Facebook today revealed an early prototype of a social VR space during their F8 developer conference, presented on-stage live by Facebook CTO Mike Schroepfer and by Social VR product manager Michael Booth some 30 miles away.
Like all online social VR applications, Schoepfer and Booth entered Facebook’s environment using a pair of VR headsets, of course in this case the Oculus Rift and Touch hand controllers. Showing off the interactive space together, despite the distance between them, the two toured through 360 photos—presented as bowling ball-sized spheres that grew into the world around them—drew drawings and even took a virtual selfie to upload directly to the Facebook News Feed.
Booth writes in his Facebook post that touring London virtually was “almost as good as being there.” Booth continues:
“This is just the beginning of our exploration into how people can connect and share using today’s VR technology. There’s a lot more work to do and many more challenges to solve—such as how to better model ourselves within VR, so we can elevate ‘presence’ from a disembodied head and hands to a more expressive model of a person. Our engineering and research teams are also working to improve the tracking, optics, and audio technologies that make VR feel so real. There’s much more to come as my team and Daniel James’ team continue to push forward, working closely alongside Oculus and other teams at Facebook, as VR evolves into an increasingly important computing platform.”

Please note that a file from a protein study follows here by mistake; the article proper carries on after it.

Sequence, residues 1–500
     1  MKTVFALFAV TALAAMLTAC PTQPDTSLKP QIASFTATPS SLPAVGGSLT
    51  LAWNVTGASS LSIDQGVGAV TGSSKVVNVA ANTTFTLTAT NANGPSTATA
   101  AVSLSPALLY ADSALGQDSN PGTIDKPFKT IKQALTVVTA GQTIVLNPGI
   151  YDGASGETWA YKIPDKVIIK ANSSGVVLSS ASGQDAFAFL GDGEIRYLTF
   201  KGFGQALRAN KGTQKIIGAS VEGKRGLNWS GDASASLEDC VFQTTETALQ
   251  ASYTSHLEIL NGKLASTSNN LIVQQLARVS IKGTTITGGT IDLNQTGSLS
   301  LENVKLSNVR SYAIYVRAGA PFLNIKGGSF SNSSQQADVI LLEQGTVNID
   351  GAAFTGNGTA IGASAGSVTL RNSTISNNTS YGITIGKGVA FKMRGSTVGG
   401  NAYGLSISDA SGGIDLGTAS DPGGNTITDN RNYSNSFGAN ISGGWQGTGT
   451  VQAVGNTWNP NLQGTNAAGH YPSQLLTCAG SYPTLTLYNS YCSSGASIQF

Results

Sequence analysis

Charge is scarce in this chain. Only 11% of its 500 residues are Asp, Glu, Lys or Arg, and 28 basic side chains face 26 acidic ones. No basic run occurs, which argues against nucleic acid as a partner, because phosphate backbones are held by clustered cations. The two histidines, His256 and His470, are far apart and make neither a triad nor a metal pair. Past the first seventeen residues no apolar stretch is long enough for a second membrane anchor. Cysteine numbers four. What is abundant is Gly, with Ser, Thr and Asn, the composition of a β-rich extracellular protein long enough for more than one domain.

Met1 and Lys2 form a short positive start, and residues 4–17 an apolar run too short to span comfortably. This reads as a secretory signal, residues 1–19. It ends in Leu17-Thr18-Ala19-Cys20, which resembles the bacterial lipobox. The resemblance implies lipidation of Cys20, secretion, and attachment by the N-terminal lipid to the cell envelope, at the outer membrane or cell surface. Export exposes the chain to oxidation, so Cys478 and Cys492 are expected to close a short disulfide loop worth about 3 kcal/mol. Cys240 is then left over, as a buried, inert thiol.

Many of the conventions we see in the newly revealed social space aren’t exactly ground shaking—complete with your standard floating heads and armless hands—but the fact that Facebook is throwing their weight behind it directly instead of letting Oculus develop could mean tighter integration into Facebook’s traditional platform.
And while we don’t claim to be Kremlinologists, the company’s prototype shows a modified head model asset that appears to be taken from Oculus’ Toybox demo, a crazy sandbox prototype built to show off the Oculus Touch controllers in action. Though it may appear that the new social VR prototype is based on Toybox, anyone who’s played it before will probably tell you that it’s one of the coolest social VR experiences, with much more interactivity than what we saw from Facebook today.